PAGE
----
Look almost centrally on the terminator for the very conspicuous crater Langrenus. Depending on your viewing location and time, it may be divided by the terminator, but will be quite recognizable. Spanning 85 miles in diameter, the steep, rugged walls rise almost 16,200 feet above the crater’s floor and you’ll see their bright outline on the western edge. Can you spot its central peak? It’s small for a crater this size and will present a challenge for binoculars.

While we’re out, let’s revisit the Crab Nebula in Taurus – there’s so much to learn and see about this very special nebula. The label “planetary” is a definite misnomer. Unlike most with this designation, M1 hardly looks like a globe and varies in other significant ways. Most planetaries have central stars that spew out atmospheric gases on a regular basis – but not this one. M1 did it all at once and we know exactly when it happened.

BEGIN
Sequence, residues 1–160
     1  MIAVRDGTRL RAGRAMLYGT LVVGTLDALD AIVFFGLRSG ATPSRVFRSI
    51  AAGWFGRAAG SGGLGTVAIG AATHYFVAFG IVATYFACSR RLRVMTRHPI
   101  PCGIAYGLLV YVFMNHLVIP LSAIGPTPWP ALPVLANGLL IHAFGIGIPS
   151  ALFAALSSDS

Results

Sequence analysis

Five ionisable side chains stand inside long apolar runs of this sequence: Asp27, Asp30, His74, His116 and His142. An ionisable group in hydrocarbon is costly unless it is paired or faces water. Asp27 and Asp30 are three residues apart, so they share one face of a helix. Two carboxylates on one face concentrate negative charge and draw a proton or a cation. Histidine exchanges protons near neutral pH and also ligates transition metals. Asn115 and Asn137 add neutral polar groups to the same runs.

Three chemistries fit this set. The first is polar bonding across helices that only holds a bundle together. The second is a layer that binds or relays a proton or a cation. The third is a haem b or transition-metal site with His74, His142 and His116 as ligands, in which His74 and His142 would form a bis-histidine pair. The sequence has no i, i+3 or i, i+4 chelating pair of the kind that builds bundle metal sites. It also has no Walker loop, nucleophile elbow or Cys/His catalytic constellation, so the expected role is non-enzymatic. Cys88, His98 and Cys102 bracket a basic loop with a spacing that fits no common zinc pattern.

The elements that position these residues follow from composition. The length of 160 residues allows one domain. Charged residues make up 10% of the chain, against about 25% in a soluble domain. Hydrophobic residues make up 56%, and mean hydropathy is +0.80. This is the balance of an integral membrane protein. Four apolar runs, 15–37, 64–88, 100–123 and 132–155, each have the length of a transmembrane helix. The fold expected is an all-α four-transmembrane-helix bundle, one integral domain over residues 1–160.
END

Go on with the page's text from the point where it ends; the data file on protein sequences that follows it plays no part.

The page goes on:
As one of only about 20 supernovae seen before the invention of the telescope, 11th century Chinese astronomers thought it four times brighter than Venus. Seen in broad daylight, the supernova remained visible for more than three weeks and continued to be seen in the night sky for almost two years. The position recorded for that July 4th, 1054 AD discovery now corresponds with that of the Crab Nebula.